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Flood mapping helps us understand potential impacts of flash flooding in Boroondara.
We use it to:
- identify if your property is at risk
- give you advice about your property
- help you prepare for building works.
Flood mapping study
Our study identified properties at risk of flooding during rare rainfall events. These events are known as 1% annual exceedance probability (AEP) storms. Read our full definition in the Definitions section on this page.
While these events are rare, it's important you understand flood risks. This helps you (and us) to reduce potential impacts.
How this affects properties
We notified the owners of properties that are at risk of flooding when we completed the study. We've included the results of the study in Property Information Statements. Find out how to request property information on our Copies of Building Permit plans and reports page.
If your property is affected, your statement will say that your property is subject to flooding under Building Regulation 153 which you can read about on the Australasian Legal Information Institute website.
Any property within Boroondara could be at risk of flooding, even if it wasn't identified in our study.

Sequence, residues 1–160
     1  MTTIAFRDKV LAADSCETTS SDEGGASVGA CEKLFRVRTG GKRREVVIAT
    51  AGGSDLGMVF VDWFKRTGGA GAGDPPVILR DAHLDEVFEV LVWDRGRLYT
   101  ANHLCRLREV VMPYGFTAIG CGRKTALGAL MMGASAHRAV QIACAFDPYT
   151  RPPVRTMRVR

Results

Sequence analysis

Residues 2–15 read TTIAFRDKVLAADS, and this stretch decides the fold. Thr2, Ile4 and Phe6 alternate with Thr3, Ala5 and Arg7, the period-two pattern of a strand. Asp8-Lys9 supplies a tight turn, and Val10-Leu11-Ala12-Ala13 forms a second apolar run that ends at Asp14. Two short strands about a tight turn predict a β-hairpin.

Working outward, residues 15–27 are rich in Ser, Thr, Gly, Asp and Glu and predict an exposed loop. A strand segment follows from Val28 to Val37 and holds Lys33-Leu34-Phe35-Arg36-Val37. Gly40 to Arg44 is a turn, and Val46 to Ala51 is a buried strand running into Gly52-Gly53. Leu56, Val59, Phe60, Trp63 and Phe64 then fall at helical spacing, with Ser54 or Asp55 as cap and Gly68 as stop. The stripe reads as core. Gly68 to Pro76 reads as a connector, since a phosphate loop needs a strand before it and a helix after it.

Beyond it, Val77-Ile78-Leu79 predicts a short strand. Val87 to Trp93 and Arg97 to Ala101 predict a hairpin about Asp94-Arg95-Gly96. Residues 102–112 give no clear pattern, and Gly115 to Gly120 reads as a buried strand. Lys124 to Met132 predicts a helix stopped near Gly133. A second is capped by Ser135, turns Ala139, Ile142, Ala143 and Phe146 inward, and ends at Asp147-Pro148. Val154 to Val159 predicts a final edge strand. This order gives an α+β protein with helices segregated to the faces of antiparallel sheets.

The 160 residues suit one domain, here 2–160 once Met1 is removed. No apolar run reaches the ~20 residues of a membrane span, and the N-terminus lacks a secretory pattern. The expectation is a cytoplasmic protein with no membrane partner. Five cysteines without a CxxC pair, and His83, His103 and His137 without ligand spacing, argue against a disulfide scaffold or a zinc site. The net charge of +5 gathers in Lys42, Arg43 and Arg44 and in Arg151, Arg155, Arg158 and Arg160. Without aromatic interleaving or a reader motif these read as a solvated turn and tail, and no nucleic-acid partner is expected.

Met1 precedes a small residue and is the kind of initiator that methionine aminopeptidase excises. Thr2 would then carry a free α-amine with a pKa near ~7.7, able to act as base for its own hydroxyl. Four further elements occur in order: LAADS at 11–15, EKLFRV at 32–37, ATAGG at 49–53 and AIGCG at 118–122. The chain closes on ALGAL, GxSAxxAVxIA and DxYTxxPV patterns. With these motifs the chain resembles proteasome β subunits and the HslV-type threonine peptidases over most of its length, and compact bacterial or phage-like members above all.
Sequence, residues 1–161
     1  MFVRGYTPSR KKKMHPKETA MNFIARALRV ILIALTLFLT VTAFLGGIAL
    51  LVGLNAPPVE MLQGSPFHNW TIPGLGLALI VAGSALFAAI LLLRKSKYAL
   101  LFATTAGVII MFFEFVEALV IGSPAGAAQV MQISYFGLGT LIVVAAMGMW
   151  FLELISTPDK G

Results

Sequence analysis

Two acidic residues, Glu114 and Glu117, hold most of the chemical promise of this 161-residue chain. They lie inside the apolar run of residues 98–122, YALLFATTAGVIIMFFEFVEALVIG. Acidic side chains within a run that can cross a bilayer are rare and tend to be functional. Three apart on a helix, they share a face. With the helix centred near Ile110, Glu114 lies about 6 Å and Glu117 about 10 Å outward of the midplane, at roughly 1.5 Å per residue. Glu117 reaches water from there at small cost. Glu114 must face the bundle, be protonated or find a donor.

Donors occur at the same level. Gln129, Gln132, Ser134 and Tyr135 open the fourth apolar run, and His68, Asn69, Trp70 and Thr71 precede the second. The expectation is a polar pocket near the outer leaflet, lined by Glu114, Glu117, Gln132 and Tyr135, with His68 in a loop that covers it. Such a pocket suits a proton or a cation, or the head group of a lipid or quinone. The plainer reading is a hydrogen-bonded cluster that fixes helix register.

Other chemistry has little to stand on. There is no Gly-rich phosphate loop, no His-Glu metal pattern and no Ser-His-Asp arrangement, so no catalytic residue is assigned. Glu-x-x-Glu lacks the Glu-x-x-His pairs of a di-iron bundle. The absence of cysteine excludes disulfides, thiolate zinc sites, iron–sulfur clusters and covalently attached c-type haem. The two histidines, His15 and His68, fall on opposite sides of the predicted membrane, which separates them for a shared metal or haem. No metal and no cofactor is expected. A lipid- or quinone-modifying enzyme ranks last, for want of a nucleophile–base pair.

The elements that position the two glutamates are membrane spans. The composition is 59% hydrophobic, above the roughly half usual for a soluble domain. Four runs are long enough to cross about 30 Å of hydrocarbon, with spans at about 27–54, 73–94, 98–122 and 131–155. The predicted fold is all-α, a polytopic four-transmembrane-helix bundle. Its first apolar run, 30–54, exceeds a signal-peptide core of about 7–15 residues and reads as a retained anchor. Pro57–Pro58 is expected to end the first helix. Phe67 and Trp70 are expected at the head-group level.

We recommend that you:
- check your requirements for building on flood-prone land by reading our Building and developing on flood-prone land page
- check if your insurance policy covers flash flooding from overland stormwater flow.
To request flood mapping data about your property, contact us by emailing [email protected].
Our study used radar images and Council asset information. We created a topographic and hydraulic model of surface levels. This helps us understand the estimated flow, water level and velocity of water over land. We used the model to predict stormwater flows that could result from rainfall events.
This included rainfall scenarios from Geoscience Australia’s Australian Rainfall and Runoff, which you can learn about on the Australian Rainfall and Runoff website.
We looked at:
- areas at risk of flooding due to a 1% AEP rainfall event
- how rainfall with lesser and greater frequency could affect the model.
We also tested it against:
- the forecast effects of climate change at the time
- flood studies from Melbourne Water.
Overland stormwater flow
This is when excess stormwater flows over land into streets, laneways, and properties. This happens when extreme rainfall overwhelms gutters, downpipes and drains. It can result in flash flooding.
This is different to flooding that rises up from rivers and creeks.
1% annual exceedance probability (AEP) rainfall
This is an infrequent high-intensity storm that has a 1% probability of being exceeded in any one year.
These events are not cyclical. They might happen more than once in a given year, or there might be several years without any events.